lawful practice, this does not automatically exculpate movants from the need to exercise due care

in its administration. See, e.g., Siege2 v Sweeney, 266 AD2d 200,202 (2d Dept 1999) (“[A] driver

who lawfully enters an intersection with a green light may still be found partially at fault for an

accident if he or she fails to use reasonable care to avoid a collision.”). Notably, reasonableness

is often a jury question by default and, thus, best reserved for trial. Andre v Pomeroy, 35 NY2d

361,364 (1974) (suggesting this is true even if neither party contests facts material to case’s


B. Negligence us against Turdie

In general, the actions of a corporation cannot provide a basis for liability with respect to

its principal. BUly v Cons. Much. Tool Carp., 51 NY2d 152,163 (1930). This is because the law

treats as distinct a corporation’s identity and, indeed, recognizes as absolutely fundamental the

liability shield generated by one’s decision to engage in business via the corporate form. Id;

Morris v State Dept. of Taxation u d Fin., 82 NY2d 135, 141-142 (1993). The Court of Appeals

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has suggested that not even total dominance and control over a corporation on the part of the

principal may bypass this rule. Si&, supra. The critical liability triggers are, instead: 1)

utilization of said domination as the instrument for illegal fraud or misrepresentationor 2) direct

intervention in the commission of the tort such that the “the paraphernalia of incorporation”are

ignored.’Id.; TNSHuIdings, Inc. v MKISec. C o p , 92 NY2d 335,339 (1998); Bartle v Home

Owners Cooperative, Inc., 309 NY 103, 106-107 (1 955); Espinosa v Rand, 24 AD3d 102, 102

(1st Dept 2005). Such triggers arc often referred to os satisfied only where it can be fairly stated

that the principal has acted in either “bad faith or outside his capacity as a corporate officer.”

Worthy v New York City How. Auth,, 21 AD3d 284 (1st Dept 2005) (Torn, J. concurring).

As to the first of these triggers, the uncontested facts make clear that, under the standard

espoused by SilZy and its ilk, Tardie is plainly immune to liability in the present case. Tellingly,

no fraud has even been alleged, let alone supported by plaintiff through use of admissible

material. As to the second, plaintiff essentially suggests that Tardie was personally responsible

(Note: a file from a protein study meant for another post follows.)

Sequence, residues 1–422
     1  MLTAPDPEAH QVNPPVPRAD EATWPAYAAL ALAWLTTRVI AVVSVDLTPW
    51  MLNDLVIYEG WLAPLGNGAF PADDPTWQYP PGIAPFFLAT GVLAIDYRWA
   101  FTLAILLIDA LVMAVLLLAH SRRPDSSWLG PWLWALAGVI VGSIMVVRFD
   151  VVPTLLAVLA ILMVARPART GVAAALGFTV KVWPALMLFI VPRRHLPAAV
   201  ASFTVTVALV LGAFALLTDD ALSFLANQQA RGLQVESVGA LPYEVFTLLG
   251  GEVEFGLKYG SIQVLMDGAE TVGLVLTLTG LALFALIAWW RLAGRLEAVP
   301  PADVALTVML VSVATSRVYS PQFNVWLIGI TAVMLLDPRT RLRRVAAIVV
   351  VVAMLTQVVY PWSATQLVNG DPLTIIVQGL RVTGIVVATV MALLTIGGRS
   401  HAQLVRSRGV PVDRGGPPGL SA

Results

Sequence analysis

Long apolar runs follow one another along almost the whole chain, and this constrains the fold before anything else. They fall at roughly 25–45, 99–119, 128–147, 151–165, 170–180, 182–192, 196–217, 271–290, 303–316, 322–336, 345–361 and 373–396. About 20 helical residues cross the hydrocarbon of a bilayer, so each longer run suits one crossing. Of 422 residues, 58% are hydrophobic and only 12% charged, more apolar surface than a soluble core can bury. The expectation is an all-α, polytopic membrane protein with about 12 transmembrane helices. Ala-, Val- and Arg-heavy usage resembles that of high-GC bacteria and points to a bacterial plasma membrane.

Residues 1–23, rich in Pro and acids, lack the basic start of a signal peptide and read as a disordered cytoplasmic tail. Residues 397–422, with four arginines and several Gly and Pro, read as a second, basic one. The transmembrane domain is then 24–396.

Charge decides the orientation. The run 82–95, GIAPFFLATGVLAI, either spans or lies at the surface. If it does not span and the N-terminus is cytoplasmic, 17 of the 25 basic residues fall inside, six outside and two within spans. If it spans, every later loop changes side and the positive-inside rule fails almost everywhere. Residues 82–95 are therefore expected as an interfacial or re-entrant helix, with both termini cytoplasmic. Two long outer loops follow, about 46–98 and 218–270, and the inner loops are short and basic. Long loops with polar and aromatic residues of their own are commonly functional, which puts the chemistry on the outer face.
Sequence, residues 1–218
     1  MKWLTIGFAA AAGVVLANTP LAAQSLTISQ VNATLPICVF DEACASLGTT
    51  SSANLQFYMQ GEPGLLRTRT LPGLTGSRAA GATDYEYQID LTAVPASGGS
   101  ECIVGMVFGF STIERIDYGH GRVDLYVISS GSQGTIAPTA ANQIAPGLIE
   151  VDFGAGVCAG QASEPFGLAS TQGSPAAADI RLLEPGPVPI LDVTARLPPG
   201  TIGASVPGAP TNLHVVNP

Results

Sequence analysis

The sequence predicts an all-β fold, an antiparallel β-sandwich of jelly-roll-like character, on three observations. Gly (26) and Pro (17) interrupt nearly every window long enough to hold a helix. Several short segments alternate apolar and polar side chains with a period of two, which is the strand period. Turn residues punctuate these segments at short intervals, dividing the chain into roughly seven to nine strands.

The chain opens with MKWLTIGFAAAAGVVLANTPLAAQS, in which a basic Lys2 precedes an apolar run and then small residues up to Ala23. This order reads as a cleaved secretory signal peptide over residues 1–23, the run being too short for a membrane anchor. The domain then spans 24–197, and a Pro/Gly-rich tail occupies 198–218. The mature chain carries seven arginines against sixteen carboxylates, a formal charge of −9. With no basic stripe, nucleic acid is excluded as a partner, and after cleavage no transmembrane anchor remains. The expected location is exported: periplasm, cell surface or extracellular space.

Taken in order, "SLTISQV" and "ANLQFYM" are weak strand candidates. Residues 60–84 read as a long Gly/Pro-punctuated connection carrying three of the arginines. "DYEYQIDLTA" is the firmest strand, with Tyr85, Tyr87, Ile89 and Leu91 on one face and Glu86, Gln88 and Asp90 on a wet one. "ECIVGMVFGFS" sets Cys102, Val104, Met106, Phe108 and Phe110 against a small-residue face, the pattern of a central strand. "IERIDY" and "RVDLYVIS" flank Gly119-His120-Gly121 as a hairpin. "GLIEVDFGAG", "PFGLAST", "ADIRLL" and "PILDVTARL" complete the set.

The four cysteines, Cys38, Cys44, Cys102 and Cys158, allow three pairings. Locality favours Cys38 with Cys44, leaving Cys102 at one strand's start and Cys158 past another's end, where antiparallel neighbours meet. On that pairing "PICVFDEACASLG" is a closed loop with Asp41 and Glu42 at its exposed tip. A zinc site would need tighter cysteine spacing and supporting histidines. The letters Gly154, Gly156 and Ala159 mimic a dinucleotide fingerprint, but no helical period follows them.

for the negligence alleged against Ultra and, therefore, should be amenable to suit. A principal

I Plaintiff, on the other hand, suggests that Tardie’s liability rests primarily upon the level of
control he exercised over Ultra at the time of the incident. German v Bronx United in Leveraging
Dollars, Inc., 258 AD2d 25 1,252 (1st Dept 1999); Mistrulli . McFinnigan, Inc., 39 AD3d 606,
607 (2d Dept 2007). While this distorts the rule by shearing away the critical requirement of
ftaudulent behavior, it bears noting that the control Tardie exercised over Ultra and the lounge’s
maintenance was at best indirect and that no triable issue exists as to whether it reached the level
of domination required to justify rendering him amenable to suit under even plaintiffs
interpretation. For example, it is uncontested that Tardie delegated the majority of the lounge’s
“field management” to Flxx, including,relevantly, the hiring and training of both security forces
and bartending personnel. It also is uncontested that Tardie did not know that something might
be wrong on the lounge floor until after plaintiff sustained her injury. Plaintiff submits no
evidence to the contrary, choosing instead to line her m e m o m d m as to this claim with
conclusory statements and allegations that T a d k simply “ought” to be liable based upon his 96%
ownership stake and presence at the club on the morning of the incident. In light of the
previously cited authority, such is simply insufficient. Billy, 5 1 NY2d at 163.
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who does this loses the protection otherwise afforded by doing business under the laws governing

corporations. American Express Travel Related Servs. Co. v North Ad. Resources, Inc., 261

AD2d 3 10,311 (1st Dept 1999); Pestminster Constr. Co. v Sherman, 160 AD2d 867,868 (2d

Dept 1990); German, 258 AD2d at 252.

However, nothing in the present case can be fairly classified as active negligence

committed by Tardie personally. He was not present on the floor at the time of the incident and,

as was his prerogative, delegated managerial duties and control and training of security and wait

staff, to Flxx. Plaintiffs allegations that Tardie established bottle service, are irrelevant, because

Tardie acted on behalf of the corporation in establishing said service. As to plaintiff’s contention

that hiring Flxx was prima facie negligent, again,Flxx was hired by the corporation. Moreover,

this court notes that, while he may have worked at clubs previously shut down, Flxx was never

convicted of or held liable for anything. Plaintiff has not produced material evidencing anything

beyond Flxx’s mere presence in an employee capacity at these establishments. Conversely,

Tardie testified repeatedly as to Flxx’s credentials, recommendations and skill. In sum, while